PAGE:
The whole entertainment industry has formed a posse to take down Netflix (NASDAQ:NFLX). Don’t panic. The posse’s still in town, saddling the horses, getting another drink of liquid courage at the bar. But it would be a good time to check Netflix’s ammunition and ask what you’re still doing in the stock.
The third-quarter earnings report sent shares up 8%, then down 11%. The launch of streaming services by Disney (NYSE:DIS), AT&T (NYSE:T), Comcast (NASDAQ:CMCSA) and others represents a turning point in the history of streaming.
Net income of $665 million, or $1.47 per share, on revenue of $5.2 billion looked great on the surface. But Netflix missed estimates on subscriber growth. Those who bought the stock for growth saw the company maturing. They realized you don’t have a profit until you sell a stock and have the money in your pocket. Then they sold.
The New Rationale
There’s a new rationale coming for owning Netflix: earnings.
While Netflix shares currently have a trailing price-to-earnings multiple of nearly 90, the third quarter shows the company has enormous earnings potential. Netflix only guided to 50 cents per share of earnings for the fourth quarter. But the third quarter means that the NFLX stock P/E should be 50 next year. It’s going even lower.
Netflix re-armed itself this week with $2 billion of new debt, aimed at funding new shows. It’s the third capital raise this year and should bring long-term debt to nearly $15 billion.
That’s a lot of debt, but it’s less than half Disney’s $36 billion, and a tiny fraction of what Comcast and AT&T hold. It would be better to compare Netflix’ debt with that of broadcaster CBS (NYSE:CBS), which also has streaming operations.
CBS had $9.2 billion of debt in June, assets of $23.8 billion and revenue of $15.2 billion. Netflix has had $19.2 billion of revenue over the last year, and assets of about $31 billion at the end of September.
Netflix’s debt, in other words, is not out of line.
The Netflix Secret Sauce
Then there’s Netflix’s secret sauce.
The posse can talk all day about their vast libraries of must-see content, but Netflix knows what you want to watch. It knows what shows you start watching and which ones you stop watching. This data is highly granular, because it also knows its audience’s demographics.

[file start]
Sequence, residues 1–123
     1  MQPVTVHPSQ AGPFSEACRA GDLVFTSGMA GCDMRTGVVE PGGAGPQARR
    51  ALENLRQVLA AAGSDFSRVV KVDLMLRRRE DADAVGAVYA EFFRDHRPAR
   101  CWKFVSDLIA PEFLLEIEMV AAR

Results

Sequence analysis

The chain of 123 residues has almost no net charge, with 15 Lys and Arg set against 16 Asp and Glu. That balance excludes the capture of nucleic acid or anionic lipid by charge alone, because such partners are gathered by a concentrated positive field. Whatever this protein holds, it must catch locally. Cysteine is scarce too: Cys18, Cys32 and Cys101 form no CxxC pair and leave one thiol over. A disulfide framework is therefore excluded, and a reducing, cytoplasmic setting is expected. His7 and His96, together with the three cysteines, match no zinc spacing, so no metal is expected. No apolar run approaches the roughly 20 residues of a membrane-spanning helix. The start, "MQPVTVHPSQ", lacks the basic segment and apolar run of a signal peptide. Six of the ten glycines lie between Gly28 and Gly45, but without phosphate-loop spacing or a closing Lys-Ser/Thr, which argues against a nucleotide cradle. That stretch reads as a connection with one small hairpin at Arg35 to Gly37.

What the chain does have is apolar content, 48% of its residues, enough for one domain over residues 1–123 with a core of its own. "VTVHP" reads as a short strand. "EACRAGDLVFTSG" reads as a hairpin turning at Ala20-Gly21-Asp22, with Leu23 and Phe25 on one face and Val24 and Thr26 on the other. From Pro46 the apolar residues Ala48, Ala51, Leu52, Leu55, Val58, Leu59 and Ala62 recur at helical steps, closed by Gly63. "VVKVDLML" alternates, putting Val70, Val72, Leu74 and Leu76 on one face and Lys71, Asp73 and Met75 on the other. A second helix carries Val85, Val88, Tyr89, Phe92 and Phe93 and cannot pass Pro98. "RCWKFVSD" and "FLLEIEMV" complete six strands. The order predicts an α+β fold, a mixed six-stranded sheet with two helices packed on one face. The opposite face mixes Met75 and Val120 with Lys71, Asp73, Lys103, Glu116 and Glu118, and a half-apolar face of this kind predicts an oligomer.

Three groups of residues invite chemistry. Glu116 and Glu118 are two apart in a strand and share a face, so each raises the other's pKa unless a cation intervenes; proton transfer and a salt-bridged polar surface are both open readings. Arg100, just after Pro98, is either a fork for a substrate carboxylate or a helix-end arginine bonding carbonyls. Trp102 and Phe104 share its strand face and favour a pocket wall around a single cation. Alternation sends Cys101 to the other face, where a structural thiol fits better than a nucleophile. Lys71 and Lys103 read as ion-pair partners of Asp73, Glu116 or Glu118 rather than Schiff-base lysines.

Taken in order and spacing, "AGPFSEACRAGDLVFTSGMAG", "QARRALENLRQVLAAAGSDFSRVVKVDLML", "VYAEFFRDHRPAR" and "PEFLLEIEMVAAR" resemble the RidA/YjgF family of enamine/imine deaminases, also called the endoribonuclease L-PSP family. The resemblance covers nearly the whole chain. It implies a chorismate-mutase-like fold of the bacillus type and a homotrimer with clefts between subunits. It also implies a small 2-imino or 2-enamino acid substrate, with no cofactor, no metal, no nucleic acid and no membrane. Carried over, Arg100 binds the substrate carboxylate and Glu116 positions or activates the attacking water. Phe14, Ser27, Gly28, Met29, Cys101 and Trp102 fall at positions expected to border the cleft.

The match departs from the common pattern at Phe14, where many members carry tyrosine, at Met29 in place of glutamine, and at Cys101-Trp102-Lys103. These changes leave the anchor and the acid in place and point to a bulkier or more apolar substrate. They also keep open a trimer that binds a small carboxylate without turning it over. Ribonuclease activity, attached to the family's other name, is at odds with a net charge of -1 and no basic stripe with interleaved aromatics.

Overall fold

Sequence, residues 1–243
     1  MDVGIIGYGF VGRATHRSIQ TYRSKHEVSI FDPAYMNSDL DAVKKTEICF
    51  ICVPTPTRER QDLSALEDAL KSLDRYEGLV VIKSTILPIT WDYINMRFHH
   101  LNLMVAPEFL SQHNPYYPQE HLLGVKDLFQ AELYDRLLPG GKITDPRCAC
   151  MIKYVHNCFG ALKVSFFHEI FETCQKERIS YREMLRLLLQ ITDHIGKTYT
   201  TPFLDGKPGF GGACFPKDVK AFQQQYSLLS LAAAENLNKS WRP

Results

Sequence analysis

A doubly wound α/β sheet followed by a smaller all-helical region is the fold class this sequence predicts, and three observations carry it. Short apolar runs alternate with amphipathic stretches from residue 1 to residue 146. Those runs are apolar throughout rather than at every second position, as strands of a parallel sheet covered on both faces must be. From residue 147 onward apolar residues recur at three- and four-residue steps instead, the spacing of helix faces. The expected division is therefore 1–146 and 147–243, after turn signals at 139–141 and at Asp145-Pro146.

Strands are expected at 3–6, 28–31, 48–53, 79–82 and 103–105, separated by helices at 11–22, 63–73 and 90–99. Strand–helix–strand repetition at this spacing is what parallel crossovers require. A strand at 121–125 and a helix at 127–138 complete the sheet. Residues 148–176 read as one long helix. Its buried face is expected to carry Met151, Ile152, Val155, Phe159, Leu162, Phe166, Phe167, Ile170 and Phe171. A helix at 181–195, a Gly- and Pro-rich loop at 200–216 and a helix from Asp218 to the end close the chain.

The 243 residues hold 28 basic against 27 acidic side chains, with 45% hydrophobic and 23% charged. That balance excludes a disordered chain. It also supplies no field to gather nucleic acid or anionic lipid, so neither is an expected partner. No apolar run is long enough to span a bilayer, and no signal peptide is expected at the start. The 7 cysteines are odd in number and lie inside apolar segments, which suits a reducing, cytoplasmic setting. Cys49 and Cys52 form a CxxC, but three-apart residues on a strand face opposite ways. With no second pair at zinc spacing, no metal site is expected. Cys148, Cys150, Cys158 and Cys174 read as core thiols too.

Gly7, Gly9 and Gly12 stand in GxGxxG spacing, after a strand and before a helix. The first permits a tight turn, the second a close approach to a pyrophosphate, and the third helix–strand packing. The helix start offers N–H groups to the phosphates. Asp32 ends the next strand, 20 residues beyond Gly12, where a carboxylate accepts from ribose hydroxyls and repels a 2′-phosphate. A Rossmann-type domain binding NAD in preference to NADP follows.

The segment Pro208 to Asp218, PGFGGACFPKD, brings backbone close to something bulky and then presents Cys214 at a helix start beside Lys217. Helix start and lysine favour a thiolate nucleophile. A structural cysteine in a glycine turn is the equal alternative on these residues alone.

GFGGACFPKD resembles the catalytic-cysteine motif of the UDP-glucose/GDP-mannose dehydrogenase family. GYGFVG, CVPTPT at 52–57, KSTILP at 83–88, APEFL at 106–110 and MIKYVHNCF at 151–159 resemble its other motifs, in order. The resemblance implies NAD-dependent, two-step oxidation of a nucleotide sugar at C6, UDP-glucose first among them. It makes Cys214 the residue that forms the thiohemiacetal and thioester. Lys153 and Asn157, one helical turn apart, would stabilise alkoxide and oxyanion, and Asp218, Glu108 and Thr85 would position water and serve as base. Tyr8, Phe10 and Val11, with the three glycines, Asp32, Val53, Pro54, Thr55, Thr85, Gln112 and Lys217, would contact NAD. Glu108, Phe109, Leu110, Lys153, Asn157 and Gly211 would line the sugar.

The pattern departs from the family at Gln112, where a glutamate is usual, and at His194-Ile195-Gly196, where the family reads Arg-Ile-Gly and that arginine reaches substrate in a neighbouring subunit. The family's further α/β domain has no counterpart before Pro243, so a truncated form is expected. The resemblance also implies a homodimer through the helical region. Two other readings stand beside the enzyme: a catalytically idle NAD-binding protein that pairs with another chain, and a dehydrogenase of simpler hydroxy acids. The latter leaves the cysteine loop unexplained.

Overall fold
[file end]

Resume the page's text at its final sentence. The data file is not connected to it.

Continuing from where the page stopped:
Netflix is coy about the numbers it gives out. It may say Stranger Things had 64 million viewers or Bird Box had 80 million viewers. But ratings, as such, don’t matter. What matters is engagement, the number of paid customers. That number was 158 million at the end of September.
The competition is still in the U.S. corral, where Netflix already has about 60 million subscribers, half the broadband market. It has also pushed through price hikes that have most households paying $13 per month, increasing its average revenue per user by 16.5% over the last year. Disney is charging half that for Disney+ initially, but Netflix still added 500,000 U.S. subscribers during the quarter.
The Bottom Line on NFLX Stock
It’s too late for Netflix’s competitors to overtake it.
The company’s growth is going to slow, and potential investors need to focus less on growth than on earnings. But Netflix is way ahead of its competitors in terms of programming, technology and knowledge of who’s watching.
Earnings will come and they will justify your purchase of Netflix stock. Let people panic for a while and when everyone screams “sell,” buy some.
Dana Blankenhorn is a financial and technology journalist. He is the author of the environmental story, Bridget O’Flynn and the Bear, available at the Amazon Kindle store. Write him at email@example.com or follow him on Twitter at @danablankenhorn. As of this writing he owned shares in AMZN.